» Sydney property boom delivers record stamp duty receipts to NSW’s coffers – The Sydney Morning Herald, 23rd November 2013.
» NSW Government to join Federal in encouraging young first home owners to take on large debts. – Who crashed the economy? 8th November 2008.
Posted in Australian economy, Australian Housing | 22 Comments »
As the saying goes, the Real Estate fraternity is using statistics as a drunken man uses lamp-posts — for support rather than illumination.
Australia’s unprecedented housing bubble has few fundamentals left, and this has seen the Real Estate industry turn to dodgy statistics to help sell and support the cause that one must leverage into the bubble now – before it is too late.
This has lead to warnings by the Australian Financial Review last week that misleading numbers are putting potential buyers at risk.
Mark Bayley explains record number of Auction results are going missing, leading to a big divergence between the real clearance rate which has been trending down and the reported auction clearance rate used to sell the concept that the property market is extremely strong.
More of Mark’s analysis can be found here.
The practice is by no means new. It was considered rife in Sydney & Melbourne in the years after the Global Financial Crisis (2011) corresponding with periods where markets deteriorated and property prices were falling, hence the requirement to fudge the numbers.
One has to wonder, is the same circumstances occurring now?
» Misleading property auction figures ‘put buyers at risk’ – The Australian Financial Review, 15th November 2013.
» Lies, damned lies and auction clearance rates – The Australian Financial Review, 18th November 2013.
» Sydney Agents cooking Auction Clearance Rates – Who Crashed the Economy?, 6th March 2011.
» Auction rates fudged by failed campaigns – News Limited, March 6th 2011.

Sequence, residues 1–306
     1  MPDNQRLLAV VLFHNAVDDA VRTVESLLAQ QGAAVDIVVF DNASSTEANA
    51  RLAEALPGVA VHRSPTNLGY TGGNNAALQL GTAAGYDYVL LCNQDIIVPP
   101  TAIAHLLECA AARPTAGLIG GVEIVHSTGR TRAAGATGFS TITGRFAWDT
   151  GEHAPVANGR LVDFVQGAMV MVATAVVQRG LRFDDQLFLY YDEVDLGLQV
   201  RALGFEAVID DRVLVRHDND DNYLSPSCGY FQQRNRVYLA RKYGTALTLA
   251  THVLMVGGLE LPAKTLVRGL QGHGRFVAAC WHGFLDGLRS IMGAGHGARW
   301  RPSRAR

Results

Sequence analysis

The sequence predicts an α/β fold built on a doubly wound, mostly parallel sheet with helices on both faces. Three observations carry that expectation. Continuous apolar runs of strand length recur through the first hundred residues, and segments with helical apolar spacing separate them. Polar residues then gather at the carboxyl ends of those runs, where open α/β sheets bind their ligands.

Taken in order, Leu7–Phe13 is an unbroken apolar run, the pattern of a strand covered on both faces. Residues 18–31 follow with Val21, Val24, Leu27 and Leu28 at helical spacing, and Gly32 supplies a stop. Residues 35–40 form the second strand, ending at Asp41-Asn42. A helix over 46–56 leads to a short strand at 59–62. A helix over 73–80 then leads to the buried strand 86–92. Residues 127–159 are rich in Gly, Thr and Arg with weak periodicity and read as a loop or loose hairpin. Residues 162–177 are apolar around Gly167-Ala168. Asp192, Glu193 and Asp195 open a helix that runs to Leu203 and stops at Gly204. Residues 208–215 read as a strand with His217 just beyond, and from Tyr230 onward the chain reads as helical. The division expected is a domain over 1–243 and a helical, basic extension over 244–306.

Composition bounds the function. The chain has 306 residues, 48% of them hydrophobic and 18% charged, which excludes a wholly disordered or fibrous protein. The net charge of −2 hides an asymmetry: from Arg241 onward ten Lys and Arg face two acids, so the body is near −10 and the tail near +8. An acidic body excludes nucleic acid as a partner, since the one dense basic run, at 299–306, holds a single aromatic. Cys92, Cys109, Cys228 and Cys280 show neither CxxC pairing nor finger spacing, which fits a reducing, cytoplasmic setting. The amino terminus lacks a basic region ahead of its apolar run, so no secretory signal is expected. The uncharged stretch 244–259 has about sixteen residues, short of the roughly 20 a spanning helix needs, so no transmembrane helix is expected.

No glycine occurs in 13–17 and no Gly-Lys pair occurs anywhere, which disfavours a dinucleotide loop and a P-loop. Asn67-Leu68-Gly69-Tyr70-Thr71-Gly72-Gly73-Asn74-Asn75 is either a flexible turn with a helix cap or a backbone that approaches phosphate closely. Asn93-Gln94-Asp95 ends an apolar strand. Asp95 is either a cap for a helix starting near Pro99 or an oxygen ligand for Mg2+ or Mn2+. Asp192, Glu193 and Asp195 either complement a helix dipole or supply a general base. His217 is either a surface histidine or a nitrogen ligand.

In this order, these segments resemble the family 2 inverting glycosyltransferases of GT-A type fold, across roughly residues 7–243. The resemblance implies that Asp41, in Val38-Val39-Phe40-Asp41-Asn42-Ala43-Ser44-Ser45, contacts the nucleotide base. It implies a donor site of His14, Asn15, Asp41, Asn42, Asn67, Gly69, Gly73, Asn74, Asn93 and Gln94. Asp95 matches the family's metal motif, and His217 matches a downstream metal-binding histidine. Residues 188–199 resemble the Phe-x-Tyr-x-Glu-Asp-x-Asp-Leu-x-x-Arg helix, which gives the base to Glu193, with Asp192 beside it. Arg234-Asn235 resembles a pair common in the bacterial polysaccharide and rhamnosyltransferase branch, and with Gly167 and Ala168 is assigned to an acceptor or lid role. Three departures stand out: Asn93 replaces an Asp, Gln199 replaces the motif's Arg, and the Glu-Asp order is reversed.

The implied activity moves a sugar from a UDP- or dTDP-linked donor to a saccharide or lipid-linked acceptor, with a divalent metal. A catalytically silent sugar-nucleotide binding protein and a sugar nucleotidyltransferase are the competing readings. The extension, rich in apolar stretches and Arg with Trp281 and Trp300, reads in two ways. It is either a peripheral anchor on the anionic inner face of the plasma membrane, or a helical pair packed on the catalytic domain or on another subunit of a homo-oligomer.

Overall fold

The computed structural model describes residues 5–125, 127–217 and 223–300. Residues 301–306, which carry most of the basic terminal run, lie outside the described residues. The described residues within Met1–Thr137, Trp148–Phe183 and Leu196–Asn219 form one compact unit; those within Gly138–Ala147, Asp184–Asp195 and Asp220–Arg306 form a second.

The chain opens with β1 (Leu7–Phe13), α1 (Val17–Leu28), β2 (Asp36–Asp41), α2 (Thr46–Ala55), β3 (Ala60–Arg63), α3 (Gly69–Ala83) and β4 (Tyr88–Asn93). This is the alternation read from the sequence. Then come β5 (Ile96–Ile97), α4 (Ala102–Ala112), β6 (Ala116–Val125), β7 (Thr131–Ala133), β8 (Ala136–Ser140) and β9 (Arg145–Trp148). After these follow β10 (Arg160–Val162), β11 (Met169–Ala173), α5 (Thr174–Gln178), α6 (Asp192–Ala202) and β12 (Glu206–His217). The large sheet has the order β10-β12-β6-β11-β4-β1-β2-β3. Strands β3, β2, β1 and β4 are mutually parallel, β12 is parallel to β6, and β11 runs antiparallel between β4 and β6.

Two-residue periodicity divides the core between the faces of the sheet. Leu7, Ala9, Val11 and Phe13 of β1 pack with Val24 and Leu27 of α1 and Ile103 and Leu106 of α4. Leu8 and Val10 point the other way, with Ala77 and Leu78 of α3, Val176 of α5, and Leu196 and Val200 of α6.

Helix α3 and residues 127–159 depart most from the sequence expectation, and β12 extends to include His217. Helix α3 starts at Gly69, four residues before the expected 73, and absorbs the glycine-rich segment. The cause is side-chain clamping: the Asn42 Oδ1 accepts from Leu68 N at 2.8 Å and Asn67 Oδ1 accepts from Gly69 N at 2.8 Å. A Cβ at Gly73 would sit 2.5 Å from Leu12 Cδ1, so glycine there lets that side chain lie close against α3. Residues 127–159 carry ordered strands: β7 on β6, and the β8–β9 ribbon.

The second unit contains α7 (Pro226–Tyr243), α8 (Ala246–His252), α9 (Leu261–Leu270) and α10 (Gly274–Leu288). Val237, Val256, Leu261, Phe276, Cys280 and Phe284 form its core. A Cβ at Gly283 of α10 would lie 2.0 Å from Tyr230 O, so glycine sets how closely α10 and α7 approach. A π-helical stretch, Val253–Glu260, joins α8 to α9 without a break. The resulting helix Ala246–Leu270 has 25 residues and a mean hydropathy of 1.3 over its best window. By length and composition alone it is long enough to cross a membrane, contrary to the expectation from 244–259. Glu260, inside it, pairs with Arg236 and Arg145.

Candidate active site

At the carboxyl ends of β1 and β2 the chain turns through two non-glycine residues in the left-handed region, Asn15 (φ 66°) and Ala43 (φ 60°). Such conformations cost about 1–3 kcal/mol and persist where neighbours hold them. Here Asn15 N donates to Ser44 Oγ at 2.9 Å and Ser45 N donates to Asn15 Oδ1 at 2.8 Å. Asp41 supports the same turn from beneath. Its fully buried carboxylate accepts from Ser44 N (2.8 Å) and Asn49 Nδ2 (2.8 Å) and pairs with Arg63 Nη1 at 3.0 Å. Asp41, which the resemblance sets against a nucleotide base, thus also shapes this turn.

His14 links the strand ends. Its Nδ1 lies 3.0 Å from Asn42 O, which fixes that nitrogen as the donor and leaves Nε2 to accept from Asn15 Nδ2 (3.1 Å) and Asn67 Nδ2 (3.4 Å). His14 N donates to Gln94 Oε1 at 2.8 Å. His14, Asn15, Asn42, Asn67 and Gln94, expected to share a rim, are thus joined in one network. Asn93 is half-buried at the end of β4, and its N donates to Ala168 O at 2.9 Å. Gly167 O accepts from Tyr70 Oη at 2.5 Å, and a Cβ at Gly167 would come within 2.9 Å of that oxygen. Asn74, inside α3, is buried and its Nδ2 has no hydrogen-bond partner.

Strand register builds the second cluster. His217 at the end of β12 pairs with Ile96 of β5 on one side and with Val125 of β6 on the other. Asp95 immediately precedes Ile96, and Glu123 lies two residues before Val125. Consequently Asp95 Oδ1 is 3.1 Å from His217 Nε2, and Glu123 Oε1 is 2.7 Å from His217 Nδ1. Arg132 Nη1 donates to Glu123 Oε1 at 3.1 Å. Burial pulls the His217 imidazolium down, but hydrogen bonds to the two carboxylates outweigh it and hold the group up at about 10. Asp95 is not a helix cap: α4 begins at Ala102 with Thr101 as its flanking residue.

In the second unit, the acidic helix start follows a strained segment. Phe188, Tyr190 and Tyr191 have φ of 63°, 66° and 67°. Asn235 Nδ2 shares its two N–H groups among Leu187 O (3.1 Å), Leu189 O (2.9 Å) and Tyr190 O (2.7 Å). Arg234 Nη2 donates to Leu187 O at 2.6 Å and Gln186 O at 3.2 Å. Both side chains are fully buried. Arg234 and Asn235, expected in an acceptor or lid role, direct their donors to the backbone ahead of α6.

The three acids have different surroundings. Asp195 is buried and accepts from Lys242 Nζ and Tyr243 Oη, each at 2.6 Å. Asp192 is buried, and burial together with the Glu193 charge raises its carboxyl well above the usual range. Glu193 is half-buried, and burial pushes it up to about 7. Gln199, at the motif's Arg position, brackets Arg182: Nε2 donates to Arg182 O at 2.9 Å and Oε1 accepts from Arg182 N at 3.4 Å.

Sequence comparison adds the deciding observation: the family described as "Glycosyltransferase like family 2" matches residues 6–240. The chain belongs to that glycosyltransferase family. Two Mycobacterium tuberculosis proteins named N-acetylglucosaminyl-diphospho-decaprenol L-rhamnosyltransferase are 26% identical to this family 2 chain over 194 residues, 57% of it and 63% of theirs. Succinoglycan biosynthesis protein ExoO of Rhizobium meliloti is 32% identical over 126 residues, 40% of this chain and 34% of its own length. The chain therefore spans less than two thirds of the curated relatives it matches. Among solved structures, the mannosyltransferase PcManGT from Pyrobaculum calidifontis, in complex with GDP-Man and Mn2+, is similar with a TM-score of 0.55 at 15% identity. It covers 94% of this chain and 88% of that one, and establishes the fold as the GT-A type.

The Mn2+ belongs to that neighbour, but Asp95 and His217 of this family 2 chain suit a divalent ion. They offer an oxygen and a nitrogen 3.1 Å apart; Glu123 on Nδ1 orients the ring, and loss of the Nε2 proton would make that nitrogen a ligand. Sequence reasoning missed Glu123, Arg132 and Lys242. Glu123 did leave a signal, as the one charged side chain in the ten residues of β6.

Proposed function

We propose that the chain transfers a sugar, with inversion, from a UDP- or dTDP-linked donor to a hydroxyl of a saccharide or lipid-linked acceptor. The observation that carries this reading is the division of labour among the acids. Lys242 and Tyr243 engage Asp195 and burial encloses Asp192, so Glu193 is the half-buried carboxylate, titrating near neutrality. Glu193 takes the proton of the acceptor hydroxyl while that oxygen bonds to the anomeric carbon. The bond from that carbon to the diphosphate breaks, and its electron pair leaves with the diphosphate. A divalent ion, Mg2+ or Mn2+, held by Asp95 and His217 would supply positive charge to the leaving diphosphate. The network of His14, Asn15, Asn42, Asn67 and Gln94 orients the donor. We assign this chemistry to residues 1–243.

Posted in Australian Housing | 10 Comments »
On Monday, ABS Housing Finance data revealed another deterioration of the number of first home owners’ participating in the owner-occupier segment of the market.
The decline has renewed calls for a national housing affordability debate.
Last week the Abbott government abolished the National Housing Supply Council (NHSC) citing their “activities are no longer needed.”
Economist Saul Eslake, a member of the NHSC told Fairfax, “I suspect the only way that Australia’s housing affordability problem will be solved, if it ever is, is the way the Americans solved theirs. And that is not something that I would wish for.”
Eslake is on the money. Any Government lead affordability action normally props up the market (i.e. First Home Owners’ Boost). Broken aspects of our tax system such as Negative Gearing would never be abolished or quarantined to new properties only, and the country is slow to act on Macro-prudent controls. The problem has been continuously ignored to the point it is now simply too big for any other potential solution.
» First-home crisis triggers call for action – The Sydney Morning Herald, 16th November 2013.
Posted in Australian Housing | 16 Comments »
Record low interest rates have put a rocket under the Sydney property market, propelling yearly growth to an unsustainable double-digit 11.4 per cent according to official figures released from the Australian Bureau of Statistics (ABS). The size of the Sydney market has helped prop up the rest of Australia, with the weighted average of the eight capital cities returning a frothy 7.6 per cent gain for the 12 months to September.
Canberra and Adelaide is still in the doldrums going backwards 1.2 and 0.6 per cent for the quarter. Perth (0.2%), Darwin (0.4%), Brisbane (1.2%), Hobart (1.4%) and Melbourne (1.9%) reported modest gains, while the red hot exuberant Sydney market fired up a 3.6 percent result and fears of a new bigger property bubble.
Record low interest rates have seen interest payments on dwellings plunge in recent times, creating a false economy as the uneducated leverage back into the property bubble. Few consider the prospect, interest rates could ever rise again.
This has seen an up-tick in the growth of housing finance, after scraping lows not seen since records existed 37 years ago.
All eyes will now be on the Reserve Bank of Australia to see how it intends to react. Will it be forced to follow in the footsteps of the RBNZ and implement macroprudent controls?
» 6416.0 – House Price Indexes: Eight Capital Cities, Sep 2013 – The Australian Bureau of Statistics, 4th November 2013.
Posted in ABS House Price Indices, Australian Housing | 45 Comments »
If you have landed on this page searching for information on the Australia Housing Bubble, then you are not alone.
According to a new CommSec Housing Bubble Index, there were 194 mentions of “housing bubble” in Australian Newspapers in September this year. This is just shy of 201 mentions last recorded in January 2003 when Australia’s housing market first entered bubble territory.